Take Short Walks
Not everyone lives on 60 acres, I get that. But after school every day, I take the Greatest German Shepherd in the world for a short walk through part of our woods. The Littles do not accompany us. It gives me 20 minutes to think about how school went that day, how I can tweak things for the next day, and what we might do next week. But sometimes, I pull out my phone, open my Kindle app, and read while I walk. Dangerous? Nah, I’ve been doing it for years. At least I’m not walking through downtown Louisville anymore, but I swear when I worked in a law office, I read any time I had to walk somewhere for the job. All I can say is, thank goodness for Kindle’s text-to-speech option so I can finally read while I’m driving.
Attend a workout class
My Zumba instructor had to give it up for personal reasons, but when I was doing Zumba 3 times a week, it was an amazing stress reliever and, for some reason, completely understandable to my family that I would be gone 3 hours a week in the evening. Not always a thing, so I’m constantly looking out for a new class to start up. Sometimes just being able to justify leaving the house gives us a freedom we didn’t really realize we have.
Find a hobby
I realize it’s not everyone’s cup of tea, but my beautiful husband is an avid hunter. And many years ago he convinced me to join him a few times on a deer hunt. And I fell in love with sitting in the woods for hours waiting for that elusive animal to show. And since we use the meat to get us through the year, I eventually found I was okay with watching him take one down. Then one day I realized I wanted to try it. And then I did. Now I hunt more than Martin does, during gun season at least. For most of November and December, you can find me shivering in a tree for 3-4 hours both morning and evening, doing my best to fill my tag and feed my family. It gives me something to look forward to in winter. No one asks you to do something for them when you’re sitting in the woods with a gun. It’s company policy.
Make a girl date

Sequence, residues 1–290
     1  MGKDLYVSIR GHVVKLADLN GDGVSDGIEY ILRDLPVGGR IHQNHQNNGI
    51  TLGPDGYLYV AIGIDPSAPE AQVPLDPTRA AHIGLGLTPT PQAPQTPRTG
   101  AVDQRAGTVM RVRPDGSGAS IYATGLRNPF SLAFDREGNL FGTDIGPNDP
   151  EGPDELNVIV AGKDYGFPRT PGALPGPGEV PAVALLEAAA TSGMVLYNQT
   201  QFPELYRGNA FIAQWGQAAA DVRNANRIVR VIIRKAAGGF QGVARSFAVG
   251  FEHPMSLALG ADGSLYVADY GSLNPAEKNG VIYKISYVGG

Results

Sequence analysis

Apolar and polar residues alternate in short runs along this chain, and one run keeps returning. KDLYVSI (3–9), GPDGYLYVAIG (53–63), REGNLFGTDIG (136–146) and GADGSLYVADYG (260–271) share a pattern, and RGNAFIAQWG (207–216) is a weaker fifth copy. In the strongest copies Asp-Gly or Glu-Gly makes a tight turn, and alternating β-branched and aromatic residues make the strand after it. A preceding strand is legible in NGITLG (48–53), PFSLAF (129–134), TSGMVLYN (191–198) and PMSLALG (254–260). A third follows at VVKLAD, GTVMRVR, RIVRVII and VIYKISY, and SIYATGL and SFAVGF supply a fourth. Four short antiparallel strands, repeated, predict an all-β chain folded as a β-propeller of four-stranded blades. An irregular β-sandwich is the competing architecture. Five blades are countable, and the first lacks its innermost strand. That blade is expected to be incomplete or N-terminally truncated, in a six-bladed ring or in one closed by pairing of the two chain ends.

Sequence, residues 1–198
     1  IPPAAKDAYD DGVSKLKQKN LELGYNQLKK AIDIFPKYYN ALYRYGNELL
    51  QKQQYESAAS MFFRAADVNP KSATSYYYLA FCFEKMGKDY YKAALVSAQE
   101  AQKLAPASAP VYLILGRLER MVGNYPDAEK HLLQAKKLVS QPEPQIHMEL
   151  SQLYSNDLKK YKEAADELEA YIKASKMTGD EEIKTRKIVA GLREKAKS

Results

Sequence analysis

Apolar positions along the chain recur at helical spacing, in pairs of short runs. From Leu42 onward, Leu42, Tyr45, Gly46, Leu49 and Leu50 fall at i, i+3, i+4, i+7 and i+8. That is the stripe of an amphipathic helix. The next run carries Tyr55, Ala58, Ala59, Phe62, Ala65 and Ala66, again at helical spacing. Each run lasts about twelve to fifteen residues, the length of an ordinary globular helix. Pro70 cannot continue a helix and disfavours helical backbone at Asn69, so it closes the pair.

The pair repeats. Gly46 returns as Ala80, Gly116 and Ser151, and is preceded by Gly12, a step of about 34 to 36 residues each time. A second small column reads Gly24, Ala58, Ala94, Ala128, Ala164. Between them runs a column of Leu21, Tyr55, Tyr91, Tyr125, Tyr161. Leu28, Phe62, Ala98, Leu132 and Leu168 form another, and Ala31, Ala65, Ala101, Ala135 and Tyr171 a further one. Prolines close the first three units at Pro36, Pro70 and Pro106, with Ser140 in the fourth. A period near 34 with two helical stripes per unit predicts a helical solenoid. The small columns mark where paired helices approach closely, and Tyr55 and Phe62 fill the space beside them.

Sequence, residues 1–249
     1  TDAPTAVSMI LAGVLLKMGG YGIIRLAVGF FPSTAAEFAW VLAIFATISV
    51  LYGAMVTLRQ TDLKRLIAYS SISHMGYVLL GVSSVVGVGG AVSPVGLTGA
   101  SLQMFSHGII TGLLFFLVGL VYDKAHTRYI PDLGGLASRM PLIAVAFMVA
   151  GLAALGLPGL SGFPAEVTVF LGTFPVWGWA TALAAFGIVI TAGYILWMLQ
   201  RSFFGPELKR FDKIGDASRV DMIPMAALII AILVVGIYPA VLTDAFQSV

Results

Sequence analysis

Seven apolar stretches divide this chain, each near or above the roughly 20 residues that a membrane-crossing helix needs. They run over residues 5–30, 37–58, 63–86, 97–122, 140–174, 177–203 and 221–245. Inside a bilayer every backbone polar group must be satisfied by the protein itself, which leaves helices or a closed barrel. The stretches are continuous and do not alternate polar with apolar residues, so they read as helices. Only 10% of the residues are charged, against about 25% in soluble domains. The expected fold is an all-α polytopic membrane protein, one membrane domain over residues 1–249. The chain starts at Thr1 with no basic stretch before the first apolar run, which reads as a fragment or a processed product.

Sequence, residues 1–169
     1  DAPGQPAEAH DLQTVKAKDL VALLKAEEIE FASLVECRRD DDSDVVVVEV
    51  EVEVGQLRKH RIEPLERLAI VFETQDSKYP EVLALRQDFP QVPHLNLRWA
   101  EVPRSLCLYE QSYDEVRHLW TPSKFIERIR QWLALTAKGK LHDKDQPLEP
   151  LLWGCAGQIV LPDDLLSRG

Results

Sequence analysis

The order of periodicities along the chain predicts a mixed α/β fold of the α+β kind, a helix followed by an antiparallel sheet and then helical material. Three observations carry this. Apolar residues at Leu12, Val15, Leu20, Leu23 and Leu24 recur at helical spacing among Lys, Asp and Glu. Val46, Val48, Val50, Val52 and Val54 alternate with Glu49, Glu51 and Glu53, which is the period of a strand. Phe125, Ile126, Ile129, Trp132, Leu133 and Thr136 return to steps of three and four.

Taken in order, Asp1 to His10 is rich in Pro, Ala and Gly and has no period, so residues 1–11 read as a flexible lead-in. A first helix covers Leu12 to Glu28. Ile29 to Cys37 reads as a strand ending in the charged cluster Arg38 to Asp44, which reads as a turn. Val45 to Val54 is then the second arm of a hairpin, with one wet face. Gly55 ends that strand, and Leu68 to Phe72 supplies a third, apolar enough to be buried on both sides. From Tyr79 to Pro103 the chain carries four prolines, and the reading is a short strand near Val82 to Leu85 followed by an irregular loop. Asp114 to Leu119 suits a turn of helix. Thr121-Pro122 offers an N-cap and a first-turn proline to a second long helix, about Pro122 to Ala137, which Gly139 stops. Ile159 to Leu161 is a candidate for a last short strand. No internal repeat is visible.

I have a standing weekly date with my bestie, Abby from Sage House Market. In warm weather, we walk. In cold weather we go somewhere for a soda or coffee or some other nonsense, and we spend several hours tearing apart and reconstructing the world. I would probably have a nervous breakdown without it.
I mean, that’s pretty much it. It might give me an average total of 5 hours a week that is just for me. But when you put it that way, 5 hours doesn’t seem so small, does it? I haven’t gone maniacal yet, so that’s something.
What do you do to get some me time? I would love to find more ways to steal it for myself.
Looking for more ways to take care of yourself?
For more awesome ways to rock your self-care time, make sure to check out what my friends have to share on this helpful topic for Homeschool Monthly Blog Hops! We will be gathering our ideas and sharing our tips to help you rock your homeschool with select themes every month.
How to Make Time for You When You “Don’t Have Time” by Jen at Practical, By D
Self-Care For Homeschool Moms – 17 Ways to Thrive! By Michelle at Homeschool Your Boys
Making Time for Self-Care as a Homeschooler by Crystal at Sharing Life’s Moments
Ack! I’ve Got an Extrovert! An Introvert Homeschooling Mom’s Survival Guide by Jackie at You Really Can Homeschool
Supermom, It’s Okay to Say No: Self-Care for the Chronically Over-Scheduled by Ginny at Not So Formulaic
Awesome Adulting: Be the Inspiration You Want For Your Children by Dachelle at Hide The Chocolate
How To Make Time for Self-Care as a Homeschooler by Amy at Rock Your Homeschool